For nearly 20 days after the incident, Section 144 was imposed in the area. There were several stories doing rounds in the media about the Beemapalli, about the unruliness of people there and recovery of bombs etc. Since the media could not enter the area, the truth could not be brought out too. While the mainstream media and police had reportedly tried to portray the issues leading to the police firing as communal clashes between the Muslims of Beemapalli and Christians of Cheriyathura, people accuse the police of inaction in controlling the goons of the area.

Muslim organisations formed a common platform to raise their voice against the police action and to ensure justice to the victims, but it soon fell out. A joint committee of the Beemapalli Masjid and the Cheriyathura Parish too was formed to reinstate peace and friendly relations in the area.

T Ishaq, a social activist based in nearby Poonthura, filed a petition at the Sessions Court against the police action four days after the incident. The court ordered for a probe to be conducted by the Crime Branch. Four policemen accused of being involved in the firing were suspended and later taken back. A Commission under Justice Ramakrishnan was appointed to enquire into the matter months after the incident. More than 40 parties were associated with the Commission, out of which only two were Muslim organizations – the Beemapalli Muslim Jamat and T Ishaq. The parties included several churches of Christians and certain Hindu groups etc.

“One and a half years later, I was informed by the court that the enquiry against the policemen was being closed due to lack of evidence. The two subsequent petitions that I filed too met with the same result,” said Ishaq.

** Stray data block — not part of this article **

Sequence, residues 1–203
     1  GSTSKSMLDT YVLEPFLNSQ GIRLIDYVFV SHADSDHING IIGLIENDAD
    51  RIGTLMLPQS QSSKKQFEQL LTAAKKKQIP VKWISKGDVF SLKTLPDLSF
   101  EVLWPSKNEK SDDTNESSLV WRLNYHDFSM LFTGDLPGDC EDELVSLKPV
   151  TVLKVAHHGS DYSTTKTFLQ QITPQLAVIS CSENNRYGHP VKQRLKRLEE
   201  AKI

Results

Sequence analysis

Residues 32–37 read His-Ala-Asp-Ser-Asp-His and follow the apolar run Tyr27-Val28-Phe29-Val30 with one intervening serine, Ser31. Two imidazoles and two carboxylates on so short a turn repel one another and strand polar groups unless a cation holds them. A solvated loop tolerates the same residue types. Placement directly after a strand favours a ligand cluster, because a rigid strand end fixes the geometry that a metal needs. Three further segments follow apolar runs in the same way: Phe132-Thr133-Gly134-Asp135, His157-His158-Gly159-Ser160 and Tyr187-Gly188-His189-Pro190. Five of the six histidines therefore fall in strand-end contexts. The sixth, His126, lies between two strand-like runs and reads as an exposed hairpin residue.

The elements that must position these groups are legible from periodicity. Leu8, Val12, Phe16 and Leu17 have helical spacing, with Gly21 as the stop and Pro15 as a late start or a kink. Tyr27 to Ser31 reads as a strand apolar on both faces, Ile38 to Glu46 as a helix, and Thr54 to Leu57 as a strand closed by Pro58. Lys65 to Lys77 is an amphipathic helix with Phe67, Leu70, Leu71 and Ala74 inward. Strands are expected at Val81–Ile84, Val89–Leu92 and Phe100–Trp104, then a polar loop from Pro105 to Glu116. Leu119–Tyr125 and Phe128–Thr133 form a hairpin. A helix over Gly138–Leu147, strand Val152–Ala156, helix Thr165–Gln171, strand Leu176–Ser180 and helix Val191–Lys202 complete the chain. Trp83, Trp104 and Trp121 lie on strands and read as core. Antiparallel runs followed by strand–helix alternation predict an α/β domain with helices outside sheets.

Eleven Years On

Five days after the incident, the then state government led by the Left Democratic Front, with VS Achuthanandan as the Chief Minister and Kodiyeri Balakrishnan as the Home Minister, decided to appoint a judicial commission to investigate the police firing, and subsequently, the sitting High Court judge Js Ramakrishnan was appointed. The investigation report of the Commission was submitted to the state government led by the United Democratic Front, with Oommen Chandy as the chief minister, on 4 January 2012. However, no action has been taken on the report yet nor has it been made public, even after eleven years.

The Crime Branch enquiry has not been completed yet. Owing to the accusations that explosives were found from the place, a special team of the CBI had come and searched the place but returned without finding anything concrete. The assistant commissioner of police who had led the firing back then has been conferred with the IAS.

Beemapalli Now

The people of Beemapalli are mainly fishermen folk living on the mercy of the sea. Their lives revolve around the Beemapalli (mosque named after Beema Beevi), the festivals and rituals associated with it and the small businesses around it. The people are generally not very educated and lead simple lives. However, there were also strong businesses of Gulf products and fake CDs of films (regional, national and international alike). Earlier, it was said, the community feeling was so strong that even the police could not enter the area and arrest any person, but had to resort to the help of the Beemapalli authorities who would hand over the person to the police if they found the police request deserving.

However, the brutal police firing has changed many things peculiar to Beemapalli. And along with it has changed the non-entry for the police too. Now the police can enter and pick up any person from the locality too.

While at least some media and Muslim organisations are now discussing and reminding Kerala of the brutality and injustice on its eleventh anniversary, the people of Beemapalli spent the day with just a prayer meeting at the mosque. The people still suffer the aftermath of the incident, with several men of the families disabled or amputated or unable to work properly due to the injuries.